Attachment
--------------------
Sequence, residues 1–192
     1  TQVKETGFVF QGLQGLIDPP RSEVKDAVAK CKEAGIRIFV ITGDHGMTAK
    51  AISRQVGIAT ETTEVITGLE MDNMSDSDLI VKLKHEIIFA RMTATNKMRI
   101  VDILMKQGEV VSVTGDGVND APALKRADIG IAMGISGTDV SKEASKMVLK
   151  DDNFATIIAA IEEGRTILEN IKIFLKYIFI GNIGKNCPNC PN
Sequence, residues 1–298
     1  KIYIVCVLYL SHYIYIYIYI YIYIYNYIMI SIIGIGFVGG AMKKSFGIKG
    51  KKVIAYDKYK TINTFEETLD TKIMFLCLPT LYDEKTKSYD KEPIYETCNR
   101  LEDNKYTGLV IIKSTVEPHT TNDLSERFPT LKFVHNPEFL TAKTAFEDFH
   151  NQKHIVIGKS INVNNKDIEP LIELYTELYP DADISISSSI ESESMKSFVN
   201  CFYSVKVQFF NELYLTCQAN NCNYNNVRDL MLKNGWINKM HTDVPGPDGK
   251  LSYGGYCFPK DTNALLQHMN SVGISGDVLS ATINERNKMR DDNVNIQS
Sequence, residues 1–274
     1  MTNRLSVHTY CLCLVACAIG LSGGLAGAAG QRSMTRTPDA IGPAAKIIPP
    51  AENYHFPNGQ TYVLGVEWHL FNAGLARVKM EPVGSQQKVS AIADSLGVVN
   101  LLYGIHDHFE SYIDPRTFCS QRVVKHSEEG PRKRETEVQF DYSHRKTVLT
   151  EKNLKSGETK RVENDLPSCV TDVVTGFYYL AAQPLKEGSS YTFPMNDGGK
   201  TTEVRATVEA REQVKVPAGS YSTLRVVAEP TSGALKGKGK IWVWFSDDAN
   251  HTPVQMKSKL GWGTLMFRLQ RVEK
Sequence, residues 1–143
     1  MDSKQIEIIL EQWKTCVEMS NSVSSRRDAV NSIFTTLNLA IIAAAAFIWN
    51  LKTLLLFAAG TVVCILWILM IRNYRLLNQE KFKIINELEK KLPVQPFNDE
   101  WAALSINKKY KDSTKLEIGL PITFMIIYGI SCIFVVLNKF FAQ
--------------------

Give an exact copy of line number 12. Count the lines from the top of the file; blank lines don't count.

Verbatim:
   251  LSYGGYCFPK DTNALLQHMN SVGISGDVLS ATINERNKMR DDNVNIQS